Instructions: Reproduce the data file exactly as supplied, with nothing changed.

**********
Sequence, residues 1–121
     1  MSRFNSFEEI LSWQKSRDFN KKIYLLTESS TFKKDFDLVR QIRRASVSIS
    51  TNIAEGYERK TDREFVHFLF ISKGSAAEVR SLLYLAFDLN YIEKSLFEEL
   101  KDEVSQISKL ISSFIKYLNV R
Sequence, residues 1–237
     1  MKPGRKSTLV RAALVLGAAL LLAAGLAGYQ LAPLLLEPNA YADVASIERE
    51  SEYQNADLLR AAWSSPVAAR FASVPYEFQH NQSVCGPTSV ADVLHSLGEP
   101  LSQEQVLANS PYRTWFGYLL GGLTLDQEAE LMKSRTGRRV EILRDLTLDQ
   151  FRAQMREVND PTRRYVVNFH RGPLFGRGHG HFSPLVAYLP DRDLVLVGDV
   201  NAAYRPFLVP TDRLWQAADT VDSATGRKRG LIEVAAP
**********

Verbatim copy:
Sequence, residues 1–121
     1  MSRFNSFEEI LSWQKSRDFN KKIYLLTESS TFKKDFDLVR QIRRASVSIS
    51  TNIAEGYERK TDREFVHFLF ISKGSAAEVR SLLYLAFDLN YIEKSLFEEL
   101  KDEVSQISKL ISSFIKYLNV R
Sequence, residues 1–237
     1  MKPGRKSTLV RAALVLGAAL LLAAGLAGYQ LAPLLLEPNA YADVASIERE
    51  SEYQNADLLR AAWSSPVAAR FASVPYEFQH NQSVCGPTSV ADVLHSLGEP
   101  LSQEQVLANS PYRTWFGYLL GGLTLDQEAE LMKSRTGRRV EILRDLTLDQ
   151  FRAQMREVND PTRRYVVNFH RGPLFGRGHG HFSPLVAYLP DRDLVLVGDV
   201  NAAYRPFLVP TDRLWQAADT VDSATGRKRG LIEVAAP